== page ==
Across the state, lawyers are watching such cases closely. The Hinds verdict surprised Camden County prosecutors, and experts question whether juries understand the duress defense.
Deputy Assistant Prosecutor Josh Ottenberg of the Camden County Prosecutor's Office said juries were instructed on complicated legal issues, and the verdict slip - the legal document juries fill out for the court record - is confusing.
"We bore them to death," Ottenberg said. "The instructions are brutal."
The New Jersey Supreme Court recently agreed to hear a case involving a gang member in Mercer County who used a duress defense similar to Hinds'.
Angel Hernandez, a Netas street gang member, was convicted of killing a young mother after she witnessed an attack on a rival Latin King in 2004.
He appealed for a new trial, arguing that jurors were not adequately instructed to reduce murder to manslaughter if they found he was under duress. The Supreme Court has not scheduled a date to hear the case.
Rules for using the duress defense vary from state to state. Federal law, which is not binding on New Jersey courts, does not permit duress as a defense if a defendant is in a gang or the mafia, both of which are known to use extreme violence.
In New Jersey, where street gangs have a presence in most cities and some smaller towns, the law does not specifically address gang membership.
"Juries typically don't buy that defense," said George Thomas, a Rutgers-Newark law professor.
It's more likely to be accepted in cases in which a person is kidnapped and forced to break the law, he said. In some states, duress cannot be argued at all in murder cases.
"I'm a little surprised that the jury bought the defense in this [Camden] case," Thomas said. "Every jury is different. And you never know what a jury is going to do."
In Newark, a defendant argued that he was coerced into joining the MS-13 street gang when he participated in the execution-style shootings of four friends on a schoolyard playground in 2007. Three of the victims died.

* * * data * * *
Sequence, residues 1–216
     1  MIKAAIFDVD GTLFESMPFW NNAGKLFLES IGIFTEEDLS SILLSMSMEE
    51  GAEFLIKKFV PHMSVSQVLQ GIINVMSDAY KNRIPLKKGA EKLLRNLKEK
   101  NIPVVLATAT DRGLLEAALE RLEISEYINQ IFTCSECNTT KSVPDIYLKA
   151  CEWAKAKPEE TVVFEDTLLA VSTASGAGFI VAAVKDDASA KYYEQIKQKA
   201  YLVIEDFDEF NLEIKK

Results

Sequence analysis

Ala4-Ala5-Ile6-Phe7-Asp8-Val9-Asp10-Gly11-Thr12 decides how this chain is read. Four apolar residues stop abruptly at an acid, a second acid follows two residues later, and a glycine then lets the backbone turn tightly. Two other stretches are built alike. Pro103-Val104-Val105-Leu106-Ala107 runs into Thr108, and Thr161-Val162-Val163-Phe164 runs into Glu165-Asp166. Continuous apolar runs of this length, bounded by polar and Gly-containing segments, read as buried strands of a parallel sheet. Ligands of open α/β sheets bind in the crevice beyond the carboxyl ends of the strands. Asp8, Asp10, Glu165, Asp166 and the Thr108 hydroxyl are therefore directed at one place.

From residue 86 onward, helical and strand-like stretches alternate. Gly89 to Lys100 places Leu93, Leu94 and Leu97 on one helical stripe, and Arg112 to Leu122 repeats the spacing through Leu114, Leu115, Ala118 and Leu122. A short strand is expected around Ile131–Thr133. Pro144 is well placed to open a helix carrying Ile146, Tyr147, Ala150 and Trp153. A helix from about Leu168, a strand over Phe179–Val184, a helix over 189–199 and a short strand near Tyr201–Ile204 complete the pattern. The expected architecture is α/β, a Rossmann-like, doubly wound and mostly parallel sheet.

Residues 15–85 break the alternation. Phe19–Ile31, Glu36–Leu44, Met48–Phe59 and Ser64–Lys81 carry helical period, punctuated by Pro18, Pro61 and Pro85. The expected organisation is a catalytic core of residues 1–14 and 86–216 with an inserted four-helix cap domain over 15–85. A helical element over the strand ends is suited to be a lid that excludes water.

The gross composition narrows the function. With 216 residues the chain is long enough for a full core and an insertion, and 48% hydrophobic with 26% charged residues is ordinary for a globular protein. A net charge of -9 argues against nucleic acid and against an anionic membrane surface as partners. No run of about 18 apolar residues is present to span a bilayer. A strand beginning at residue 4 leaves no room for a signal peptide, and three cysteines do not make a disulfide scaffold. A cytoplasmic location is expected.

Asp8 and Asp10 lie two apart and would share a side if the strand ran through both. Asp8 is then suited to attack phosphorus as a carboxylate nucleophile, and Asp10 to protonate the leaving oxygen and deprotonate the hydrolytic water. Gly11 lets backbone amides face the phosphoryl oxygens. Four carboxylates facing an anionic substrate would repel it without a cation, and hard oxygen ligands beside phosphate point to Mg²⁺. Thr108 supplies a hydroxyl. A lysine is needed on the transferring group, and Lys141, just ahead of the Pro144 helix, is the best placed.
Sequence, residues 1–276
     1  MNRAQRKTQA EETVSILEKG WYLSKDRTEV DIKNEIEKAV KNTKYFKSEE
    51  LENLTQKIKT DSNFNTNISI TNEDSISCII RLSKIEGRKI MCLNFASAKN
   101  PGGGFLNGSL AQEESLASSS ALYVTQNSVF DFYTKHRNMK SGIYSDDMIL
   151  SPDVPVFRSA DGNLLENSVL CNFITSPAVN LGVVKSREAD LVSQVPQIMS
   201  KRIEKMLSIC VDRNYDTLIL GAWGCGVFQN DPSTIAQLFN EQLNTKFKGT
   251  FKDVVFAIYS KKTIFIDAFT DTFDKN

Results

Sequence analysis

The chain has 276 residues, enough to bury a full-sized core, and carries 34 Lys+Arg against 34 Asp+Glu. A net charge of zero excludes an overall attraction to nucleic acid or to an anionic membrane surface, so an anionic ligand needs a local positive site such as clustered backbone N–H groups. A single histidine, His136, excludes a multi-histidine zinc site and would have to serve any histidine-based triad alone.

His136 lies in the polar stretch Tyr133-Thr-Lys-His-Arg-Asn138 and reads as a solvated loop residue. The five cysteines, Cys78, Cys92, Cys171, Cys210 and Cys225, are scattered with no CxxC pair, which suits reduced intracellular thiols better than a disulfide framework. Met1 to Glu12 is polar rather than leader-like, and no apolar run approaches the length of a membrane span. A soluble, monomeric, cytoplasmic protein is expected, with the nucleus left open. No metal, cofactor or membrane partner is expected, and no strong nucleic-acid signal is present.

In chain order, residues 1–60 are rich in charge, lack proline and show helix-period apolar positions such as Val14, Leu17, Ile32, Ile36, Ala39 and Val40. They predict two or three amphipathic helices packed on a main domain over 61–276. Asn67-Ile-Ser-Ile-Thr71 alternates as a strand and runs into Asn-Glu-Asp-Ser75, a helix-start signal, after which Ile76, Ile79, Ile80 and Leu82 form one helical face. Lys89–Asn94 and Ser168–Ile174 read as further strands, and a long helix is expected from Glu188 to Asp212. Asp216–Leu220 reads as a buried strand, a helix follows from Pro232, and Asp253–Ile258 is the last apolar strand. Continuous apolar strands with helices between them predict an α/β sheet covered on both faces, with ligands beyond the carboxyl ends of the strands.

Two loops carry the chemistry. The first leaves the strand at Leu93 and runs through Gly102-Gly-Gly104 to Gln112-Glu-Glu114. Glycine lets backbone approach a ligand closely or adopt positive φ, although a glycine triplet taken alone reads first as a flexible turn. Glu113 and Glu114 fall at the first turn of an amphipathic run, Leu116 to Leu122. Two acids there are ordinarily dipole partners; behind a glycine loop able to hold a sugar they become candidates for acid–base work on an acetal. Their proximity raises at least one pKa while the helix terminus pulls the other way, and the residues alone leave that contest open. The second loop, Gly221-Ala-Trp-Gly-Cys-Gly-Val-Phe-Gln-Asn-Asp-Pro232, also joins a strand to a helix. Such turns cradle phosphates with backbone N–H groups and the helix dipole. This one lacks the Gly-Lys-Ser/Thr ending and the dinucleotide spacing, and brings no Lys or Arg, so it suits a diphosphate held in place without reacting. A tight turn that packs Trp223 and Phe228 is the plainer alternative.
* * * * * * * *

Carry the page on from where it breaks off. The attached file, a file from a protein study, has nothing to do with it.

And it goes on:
Alexander Alfaro, 20, said his half-brother persuaded him to join the gang and take a machete to a robbery that preceded the killings, according to published reports. At Alfaro's trial last year, the jury did not find that he had been under duress. He has been sentenced to 212 years.
In Camden, Edward Crisonino, Hinds' attorney, said his client had a legitimate duress case. Hinds participated in the slayings only because he feared what would happen to him if he did not, Hinds told investigators and his lawyer.
"That was the defense from day one," Crisonino said. "Given the facts of the case, it was not whether he did it. It was how much did he do and why he did it."
After hearing the case, the judge instructed jurors about duress, telling them the defense was "unavailable to the defendant if you find that he recklessly placed himself in a situation in which it was probable that he would be subjected to duress."
Hinds was taking classes at Burlington County College when he joined the Lueders Park Piru Bloods, a loosely knit offshoot of the violent Bloods gang.
Camden County Assistant Prosecutor Christine Shah argued in court that Hinds knew the gang was violent and that the gang was angry Hawkins was a member of the rival Crips.
According to court testimony and Hinds' confession to investigators, on Feb. 22, 2010, gang leader Kuasheim "Presto" Powell called Hinds for help after the gang launched an assault on Hawkins. Hinds took a bus from Maple Shade to Camden, where Hawkins had been shot, stabbed, and beaten. Hinds twice hit Hawkins with a bat and helped strangle Huff during a frenzy that included at least 10 gang members.
If he did not help, Hinds said in his confession, "I would be the third body."
Contact Barbara Boyer at 856-779-3838, email@example.com, or follow on Twitter @BBBoyer.